DC Movie Critics, DC Movie Reviews, DC Film Critics, Eddie Pasa, Movie Critics, Film Critics, Movie Review, Film Review, Sony Pictures Releasing, Columbia Pictures, The Garfield Movie, GarfieldYup, it’s that old standby – a family member comes back after years of estrangement and needs a favor. Holding Vic’s feet to the fire is his old criminal running buddy, the mood necklace-wearing Jinx (Hannah Waddingham), who needs Vic for one big heist and assures him of his freedom after it’s done. Complete with disastrous training at the hands of Otto (Ving Rhames), a bull with emotional ties to this looming job, Garfield and Vic – with Odie (Harvey Guillén) playing the role of what Jacob Batalon’s Ned from the MCU’s Spider-Man films would call “the guy in the chair” – have to steal a dairy truck full of milk for Jinx and her two subordinates, while Jinx has designs for some serious payback.

Of course, there’s serious payback, and of course, the heist isn’t going to go the way they planned. Filled with the requisite getting-to-know-you-again motions and family bickering, The Garfield Movie is exactly what you’d expect it to be. And that’s not necessarily a good thing. This isn’t as clever as Jon, Garfield, and Odie meeting a cargo cult in the outlands of Paradise World; this is just another case of “bring in the forgotten family member and make them look bad before making them look good.” It’s something we’ve seen a billion times before, and it adds nothing to children’s films as we know it.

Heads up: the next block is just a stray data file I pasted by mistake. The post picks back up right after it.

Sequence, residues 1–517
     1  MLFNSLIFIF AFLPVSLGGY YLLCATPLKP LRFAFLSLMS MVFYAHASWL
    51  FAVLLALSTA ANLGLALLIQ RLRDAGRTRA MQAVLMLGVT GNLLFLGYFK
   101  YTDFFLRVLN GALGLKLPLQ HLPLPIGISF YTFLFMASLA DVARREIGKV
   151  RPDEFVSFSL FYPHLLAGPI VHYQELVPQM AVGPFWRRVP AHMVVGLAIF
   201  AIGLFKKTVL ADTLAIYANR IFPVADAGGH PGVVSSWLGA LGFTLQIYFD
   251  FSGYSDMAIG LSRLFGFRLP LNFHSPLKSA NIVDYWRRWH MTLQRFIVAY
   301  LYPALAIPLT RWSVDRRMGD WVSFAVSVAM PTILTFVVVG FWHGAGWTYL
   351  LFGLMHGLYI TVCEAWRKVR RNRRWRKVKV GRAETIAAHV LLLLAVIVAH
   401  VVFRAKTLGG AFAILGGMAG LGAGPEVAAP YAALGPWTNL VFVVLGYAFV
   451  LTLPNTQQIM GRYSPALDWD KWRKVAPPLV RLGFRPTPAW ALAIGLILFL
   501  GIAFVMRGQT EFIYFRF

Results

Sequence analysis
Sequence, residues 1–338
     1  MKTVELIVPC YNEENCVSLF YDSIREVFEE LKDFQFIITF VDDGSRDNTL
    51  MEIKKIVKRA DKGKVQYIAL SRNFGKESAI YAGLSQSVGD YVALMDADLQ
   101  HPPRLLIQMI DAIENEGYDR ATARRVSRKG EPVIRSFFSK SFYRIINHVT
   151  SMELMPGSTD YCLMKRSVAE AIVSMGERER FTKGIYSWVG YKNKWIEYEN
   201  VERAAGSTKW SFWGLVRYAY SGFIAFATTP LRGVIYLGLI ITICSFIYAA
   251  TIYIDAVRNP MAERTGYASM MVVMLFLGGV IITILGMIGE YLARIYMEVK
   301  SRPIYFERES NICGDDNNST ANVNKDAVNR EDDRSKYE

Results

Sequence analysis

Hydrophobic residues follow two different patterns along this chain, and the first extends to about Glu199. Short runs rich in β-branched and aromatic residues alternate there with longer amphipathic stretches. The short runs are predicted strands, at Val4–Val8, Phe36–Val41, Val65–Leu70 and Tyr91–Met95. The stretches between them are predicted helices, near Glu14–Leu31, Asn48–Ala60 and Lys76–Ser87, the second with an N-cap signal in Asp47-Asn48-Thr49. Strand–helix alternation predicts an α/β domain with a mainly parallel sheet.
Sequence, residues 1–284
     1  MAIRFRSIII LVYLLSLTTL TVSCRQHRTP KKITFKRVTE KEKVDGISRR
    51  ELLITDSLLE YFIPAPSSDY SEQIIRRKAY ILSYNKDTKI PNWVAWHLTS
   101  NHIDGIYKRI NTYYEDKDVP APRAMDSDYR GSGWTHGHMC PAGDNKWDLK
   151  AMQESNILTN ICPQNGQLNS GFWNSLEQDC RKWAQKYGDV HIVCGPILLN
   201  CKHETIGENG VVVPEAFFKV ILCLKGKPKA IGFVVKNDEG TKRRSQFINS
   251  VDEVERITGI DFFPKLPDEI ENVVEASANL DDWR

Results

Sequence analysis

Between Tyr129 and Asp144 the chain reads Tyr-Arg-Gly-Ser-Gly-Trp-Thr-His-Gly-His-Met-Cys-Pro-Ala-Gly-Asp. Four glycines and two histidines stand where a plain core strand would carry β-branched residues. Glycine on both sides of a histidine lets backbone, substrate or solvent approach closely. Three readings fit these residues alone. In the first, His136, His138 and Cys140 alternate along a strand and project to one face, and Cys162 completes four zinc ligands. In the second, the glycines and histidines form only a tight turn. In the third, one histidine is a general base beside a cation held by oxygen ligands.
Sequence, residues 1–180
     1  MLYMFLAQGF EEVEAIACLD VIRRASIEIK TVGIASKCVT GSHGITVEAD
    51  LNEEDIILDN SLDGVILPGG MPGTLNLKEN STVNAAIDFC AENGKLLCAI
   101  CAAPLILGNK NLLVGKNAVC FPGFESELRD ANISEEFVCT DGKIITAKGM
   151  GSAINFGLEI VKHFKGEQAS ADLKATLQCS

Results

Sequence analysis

DC Movie Critics, DC Movie Reviews, DC Film Critics, Eddie Pasa, Movie Critics, Film Critics, Movie Review, Film Review, Sony Pictures Releasing, Columbia Pictures, The Garfield Movie, GarfieldThe cast might be the only thing keeping this film reaching the bottom of the cut-out DVD bins. For all this film’s shortcomings, the cast is stocked with Marvel and “Ted Lasso” actors that exude a brio capable of picking us up and bringing us where the film needs to go, even if it’s completely predictable. There’s no escaping the charms of Chris Pratt and Samuel L. Jackson bouncing off each other and creating merry havoc as they get put through their paces preparing for the heist. While they both try to ratchet up preordained emotional stirrings, they’re better when they’re working together and yelling at each other while trying to navigate the impregnable dairy farm or giving each other instructions as the big, catastrophic battle rages. (Of course, there’s going to be a big, catastrophic battle.)